Private contractor aims to double turnover in support services arm, now trading as Inspace, within three years
Private contractor Willmott Dixon merged its five support services businesses today. They will now trade as Inspace, creating a brand with a £100m turnover.

Willmott Dixon believes that this will help it double its turnover in three years. Chairman Rick Willmott said that a stronger brand might prove useful in persuading banks to provided loans if they were required. He noted, however, that the division's margins were slightly higher than those of the company's construction arm.

He said Willmott Dixon might use extra funding to buy another company so that the support services arm could provided a more comprehensive service. Willmott said: "We are considering looking for a facilities management capability."

Inspace has an order book of £325m with clients ranging from Tower 42 to Barclays Bank. Last week it was awarded a £140m contract by Colchester council in Essex.

Willmott said its development business Camtech will start contributing to the company this year, after researching the market for more than two years. It put in a planning application for a residential scheme of 132 flats in east London and it is in talks with social housing providers about joint ventures.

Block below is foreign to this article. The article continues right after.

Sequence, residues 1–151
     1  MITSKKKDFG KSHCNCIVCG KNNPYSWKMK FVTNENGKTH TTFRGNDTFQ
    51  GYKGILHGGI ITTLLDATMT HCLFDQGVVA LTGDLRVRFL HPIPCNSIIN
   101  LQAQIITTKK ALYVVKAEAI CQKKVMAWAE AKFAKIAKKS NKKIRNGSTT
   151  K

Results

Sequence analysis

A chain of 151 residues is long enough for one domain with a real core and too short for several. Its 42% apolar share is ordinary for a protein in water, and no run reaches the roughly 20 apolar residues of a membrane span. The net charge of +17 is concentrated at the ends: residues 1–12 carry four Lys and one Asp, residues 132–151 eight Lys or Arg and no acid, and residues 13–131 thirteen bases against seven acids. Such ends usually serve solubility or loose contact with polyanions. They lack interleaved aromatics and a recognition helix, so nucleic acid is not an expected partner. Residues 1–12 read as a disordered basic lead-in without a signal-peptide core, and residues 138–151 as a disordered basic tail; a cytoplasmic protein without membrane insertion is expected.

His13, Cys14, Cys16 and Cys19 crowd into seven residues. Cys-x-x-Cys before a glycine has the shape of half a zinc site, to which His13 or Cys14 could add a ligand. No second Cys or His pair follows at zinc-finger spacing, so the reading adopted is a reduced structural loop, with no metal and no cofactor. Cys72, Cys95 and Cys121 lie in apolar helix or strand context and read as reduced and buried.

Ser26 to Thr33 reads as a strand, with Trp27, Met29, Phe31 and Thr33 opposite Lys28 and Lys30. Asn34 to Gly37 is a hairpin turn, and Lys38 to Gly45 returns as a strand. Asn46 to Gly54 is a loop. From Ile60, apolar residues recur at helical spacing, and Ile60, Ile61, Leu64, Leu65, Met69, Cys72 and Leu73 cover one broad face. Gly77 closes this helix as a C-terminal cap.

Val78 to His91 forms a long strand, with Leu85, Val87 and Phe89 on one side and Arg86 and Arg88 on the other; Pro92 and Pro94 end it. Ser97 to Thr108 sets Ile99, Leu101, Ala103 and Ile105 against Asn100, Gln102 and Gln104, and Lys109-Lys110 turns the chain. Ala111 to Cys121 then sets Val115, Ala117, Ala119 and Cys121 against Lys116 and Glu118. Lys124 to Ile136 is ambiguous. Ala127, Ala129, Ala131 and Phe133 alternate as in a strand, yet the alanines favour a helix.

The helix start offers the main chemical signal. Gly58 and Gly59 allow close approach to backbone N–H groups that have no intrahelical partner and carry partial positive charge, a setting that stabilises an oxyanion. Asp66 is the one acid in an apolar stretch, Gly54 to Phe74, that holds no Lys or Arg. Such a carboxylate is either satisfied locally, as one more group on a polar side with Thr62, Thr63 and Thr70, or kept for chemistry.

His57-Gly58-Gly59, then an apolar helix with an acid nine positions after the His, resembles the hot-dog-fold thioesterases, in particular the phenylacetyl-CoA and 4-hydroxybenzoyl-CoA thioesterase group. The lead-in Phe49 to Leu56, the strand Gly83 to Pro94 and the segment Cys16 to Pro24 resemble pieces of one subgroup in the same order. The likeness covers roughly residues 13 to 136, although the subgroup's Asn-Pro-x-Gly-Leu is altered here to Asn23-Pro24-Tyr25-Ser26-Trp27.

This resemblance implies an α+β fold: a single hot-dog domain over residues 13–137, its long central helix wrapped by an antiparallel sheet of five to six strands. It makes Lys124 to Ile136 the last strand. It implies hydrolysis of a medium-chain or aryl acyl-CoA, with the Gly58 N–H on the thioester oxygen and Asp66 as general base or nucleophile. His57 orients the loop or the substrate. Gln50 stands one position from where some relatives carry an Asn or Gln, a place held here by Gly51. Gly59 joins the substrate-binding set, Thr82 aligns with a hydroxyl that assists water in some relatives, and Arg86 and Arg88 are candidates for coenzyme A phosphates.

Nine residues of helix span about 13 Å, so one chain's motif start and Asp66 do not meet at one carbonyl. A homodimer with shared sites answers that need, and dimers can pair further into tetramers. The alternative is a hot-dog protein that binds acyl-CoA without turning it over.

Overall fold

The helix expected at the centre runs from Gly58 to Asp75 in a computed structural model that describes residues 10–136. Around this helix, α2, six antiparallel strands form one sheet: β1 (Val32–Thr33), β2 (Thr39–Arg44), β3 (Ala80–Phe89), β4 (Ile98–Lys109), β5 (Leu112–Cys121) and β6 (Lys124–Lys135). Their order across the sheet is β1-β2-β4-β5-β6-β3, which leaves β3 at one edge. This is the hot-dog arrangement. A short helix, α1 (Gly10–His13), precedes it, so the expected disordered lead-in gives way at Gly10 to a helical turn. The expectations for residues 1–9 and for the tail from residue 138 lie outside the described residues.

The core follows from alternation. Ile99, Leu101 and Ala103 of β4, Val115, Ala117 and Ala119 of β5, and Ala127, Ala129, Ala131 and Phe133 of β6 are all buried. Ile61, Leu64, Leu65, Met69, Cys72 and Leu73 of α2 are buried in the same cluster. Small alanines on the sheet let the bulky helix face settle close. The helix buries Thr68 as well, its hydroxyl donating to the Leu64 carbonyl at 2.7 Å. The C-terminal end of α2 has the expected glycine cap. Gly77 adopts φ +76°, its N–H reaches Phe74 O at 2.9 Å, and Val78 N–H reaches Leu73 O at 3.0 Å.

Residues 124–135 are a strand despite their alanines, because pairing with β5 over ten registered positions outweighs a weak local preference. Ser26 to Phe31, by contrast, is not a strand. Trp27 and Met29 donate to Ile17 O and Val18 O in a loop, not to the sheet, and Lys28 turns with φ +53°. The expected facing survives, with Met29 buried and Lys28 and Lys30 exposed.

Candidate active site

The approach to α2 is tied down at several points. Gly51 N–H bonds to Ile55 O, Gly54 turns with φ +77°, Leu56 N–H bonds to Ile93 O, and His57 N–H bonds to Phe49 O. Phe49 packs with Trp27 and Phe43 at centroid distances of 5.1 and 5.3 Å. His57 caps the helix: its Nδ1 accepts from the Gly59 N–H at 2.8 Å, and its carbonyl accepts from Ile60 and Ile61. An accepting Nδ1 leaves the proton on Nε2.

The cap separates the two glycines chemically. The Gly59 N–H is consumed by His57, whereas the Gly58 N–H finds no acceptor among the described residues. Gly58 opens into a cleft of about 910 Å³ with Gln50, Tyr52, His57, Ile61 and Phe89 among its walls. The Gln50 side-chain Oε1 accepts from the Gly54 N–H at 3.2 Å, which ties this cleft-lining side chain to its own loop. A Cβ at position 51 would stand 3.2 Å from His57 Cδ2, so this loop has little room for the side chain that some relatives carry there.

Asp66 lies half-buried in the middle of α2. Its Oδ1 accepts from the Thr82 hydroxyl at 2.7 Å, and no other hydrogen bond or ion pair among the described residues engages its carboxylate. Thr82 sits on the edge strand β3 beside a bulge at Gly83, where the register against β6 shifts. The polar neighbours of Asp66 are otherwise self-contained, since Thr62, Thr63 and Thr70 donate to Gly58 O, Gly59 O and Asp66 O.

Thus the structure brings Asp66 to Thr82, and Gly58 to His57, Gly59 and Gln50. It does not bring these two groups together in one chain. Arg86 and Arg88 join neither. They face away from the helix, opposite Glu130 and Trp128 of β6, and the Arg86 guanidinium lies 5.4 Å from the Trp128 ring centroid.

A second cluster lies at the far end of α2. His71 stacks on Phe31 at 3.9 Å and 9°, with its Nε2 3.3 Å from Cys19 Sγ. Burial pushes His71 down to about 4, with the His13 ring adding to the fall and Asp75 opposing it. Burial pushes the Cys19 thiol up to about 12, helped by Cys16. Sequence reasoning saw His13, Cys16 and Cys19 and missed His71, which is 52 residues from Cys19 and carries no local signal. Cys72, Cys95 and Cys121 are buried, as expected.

Willmott made his comments after the announcement of the company's annual results to 31 December. Willmott Dixon turned in record pre-tax profit for the seventh year in a row. Pre-tax profit was £4.8m, an increase of 12.7% on 2001.

Turnover rose slightly from £302.2m to £314.6m. Willmott said that turnover was also likely to remain steady this year.

He predicted that the housing business, which had a turnover of £82.4m, would remain strong for at least five years because of the upturn in the market.

The staff incentive scheme operated by Willmott Dixon paid out nearly £2m last year, a rise of 47% on 2001. Despite this being nearly double the share dividend, Willmott said: "We have had no negative feedback from shareholders."

Dividend payout totalled £1.3m, an increase of 12% on the previous year. Willmott said that the dividend, a record, pointed to the fact that the firm was doing well and that there was no need for it go public.